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Yukai Du

Yukai Du

Meet Chinese illustrator and animator based in London, Yukai Du.

 

Tell us a little bit about yourself.

I’m an illustrator and animation director. I was born and raised in Guangzhou, one of the biggest cities in China. Then I moved to UK for my study 7 years ago, now I live and work in London.

 

Describe the city you’re living in and what it’s like to live there.

London is definitely one of the best cities for creatives, you can find all kinds of exhibitions, galleries, studios, stores here. Most of the creatives are based in East London, it feels very connected with the industry. I always bumped into someone who is doing the same thing as I do. People here are from many different culture background, it brings lots of energy and diversity to the city.

 

London is definitely one of the best cities for creatives, you can find all kinds of exhibitions, galleries, studios, stores here.

What is the best and worst thing about living in your city?

The best thing is the atmosphere and environment for creatives to connect with each other, to constantly get inspired by surroundings and to do what they like as livings. The worst thing is the expensive cost of living and the devastating situation of Brexit.

 

Give us 3 words that describe what it’s like to be a creative in your city.

Connected, open-minded, inspired.

 

How did you start your career in art?

My parents sent me to learn how to draw when I was 4 or 5 years old. I fell in love with art since then. I chose to be an art student when I was 12 and was trained to be a professional artist in my high school. However, the intensive art training made me very tired of fine arts. So, I decided to move to animation when I went to university. After I finished my 4-year animation study in Guangzhou, I found my joy in drawing again and decided to go abroad for further studies. That’s how I started my animation career in London.

 

My parents sent me to learn how to draw when I was 4 or 5 years old. I fell in love with art since then.

Were the people around you supportive of your decision on working as a creative?

Yes, especially my parents. I am very lucky that they have always been extremely supportive. Although they had doubts when I was a teenager and insisted to go to art school, they still respected my decision and gave me their full support. Later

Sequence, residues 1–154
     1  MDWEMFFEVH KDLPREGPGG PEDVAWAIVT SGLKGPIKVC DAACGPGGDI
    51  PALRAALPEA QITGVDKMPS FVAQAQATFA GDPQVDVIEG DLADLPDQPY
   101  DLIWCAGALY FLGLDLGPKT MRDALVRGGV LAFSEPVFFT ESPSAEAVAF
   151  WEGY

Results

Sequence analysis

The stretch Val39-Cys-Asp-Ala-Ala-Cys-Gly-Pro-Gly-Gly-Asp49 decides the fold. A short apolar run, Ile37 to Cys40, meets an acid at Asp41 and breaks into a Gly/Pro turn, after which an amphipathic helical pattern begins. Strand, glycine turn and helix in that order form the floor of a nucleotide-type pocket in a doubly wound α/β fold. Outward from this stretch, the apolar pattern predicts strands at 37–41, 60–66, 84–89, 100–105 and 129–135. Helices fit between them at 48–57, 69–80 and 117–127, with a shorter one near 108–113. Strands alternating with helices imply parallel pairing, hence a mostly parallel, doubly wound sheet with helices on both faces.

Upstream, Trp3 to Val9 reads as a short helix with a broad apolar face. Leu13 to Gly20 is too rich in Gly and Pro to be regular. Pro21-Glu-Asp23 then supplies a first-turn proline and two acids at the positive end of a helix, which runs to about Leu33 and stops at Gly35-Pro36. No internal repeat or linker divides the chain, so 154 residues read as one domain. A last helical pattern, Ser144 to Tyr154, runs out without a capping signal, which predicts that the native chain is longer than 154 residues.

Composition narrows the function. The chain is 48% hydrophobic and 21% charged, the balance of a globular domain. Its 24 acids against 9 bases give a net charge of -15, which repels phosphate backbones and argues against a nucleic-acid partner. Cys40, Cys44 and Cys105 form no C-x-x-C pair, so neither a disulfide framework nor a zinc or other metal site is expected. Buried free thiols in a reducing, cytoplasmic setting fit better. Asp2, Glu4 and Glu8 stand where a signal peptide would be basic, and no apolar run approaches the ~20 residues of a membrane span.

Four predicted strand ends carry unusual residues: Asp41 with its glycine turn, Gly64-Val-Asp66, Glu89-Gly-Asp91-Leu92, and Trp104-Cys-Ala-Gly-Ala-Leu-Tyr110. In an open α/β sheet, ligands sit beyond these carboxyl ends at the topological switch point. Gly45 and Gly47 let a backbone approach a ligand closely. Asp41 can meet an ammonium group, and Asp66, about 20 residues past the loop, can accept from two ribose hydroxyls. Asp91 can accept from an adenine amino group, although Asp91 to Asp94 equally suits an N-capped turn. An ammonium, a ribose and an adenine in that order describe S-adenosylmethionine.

on, they really appreciated my works and supported my study in the UK. Now they said they are very proud to see what I have achieved.

 

What are some goals and ambitions you have for your future work?

For illustration, I would like to keep developing my style and trying to refine my techniques as well as the storytelling in still images. For animation, I have been thinking about bringing up the details and quality, therefore, learning more about directing and how to work in a bigger team is essential.

 

For animation, I have been thinking about bringing up the details and quality, therefore, learning more about directing and how to work in a bigger team is essential.

If you could collaborate with any person in the world who would it be?

Sherry Turkle (if that’s possible!). Her study in the psychology of human relationships with technology inspired my short film ‘Way Out’, and I would love to work with her and visualize her study in a deeper and further way!

 

How would you describe the women around you?

I was raised by an incredibly open-minded and independent woman, my mum was a working mum and she was an idol to me. And I met lots of amazing women in our industry, currently share my studio with four super talented women. They are independent, strong and sweet.

 

Were there any local female creatives that you looked up to when you were growing up?

There were different stages when I was growing up and looked up to different female creatives. When I was very little, I always looked up to one of the students of my art teacher, she was very talented and always drew some very big scale Chinese paintings which didn’t look like something from her age at all. Then I really admired one of my art teachers in Guangzhou, she studied in animation in the USA for a few years and taught me so many interesting things from outside of China. She encouraged me to be myself and find my voice. I wouldn’t think about studying and moving to another country if I didn’t meet her.

 

Are there any challenging aspects of being a female in your industry?

Yes, I mentioned directing earlier. Being a female animation director is not very easy. Simply because of our human nature in general, women are more careful with risks, less confident and less comfortable with leadership. To do that, I really need to learn how to speak up and be confident with my decisions, but also using my advantages of being a woman that we can multi-task and are comfortable with talking about problems and asking for help.

 

Believe in yourself and insist on doing what you want to do.

Do you have any advice to young women who are aspiring to work in your field?

Believe in yourself and insist on doing what you want to do. If you ever doubt your ability or talents, try to talk to other more experienced women in the field, you can always find the answers and advice you need.

 

 

Photos courtesy of Yukai Du.

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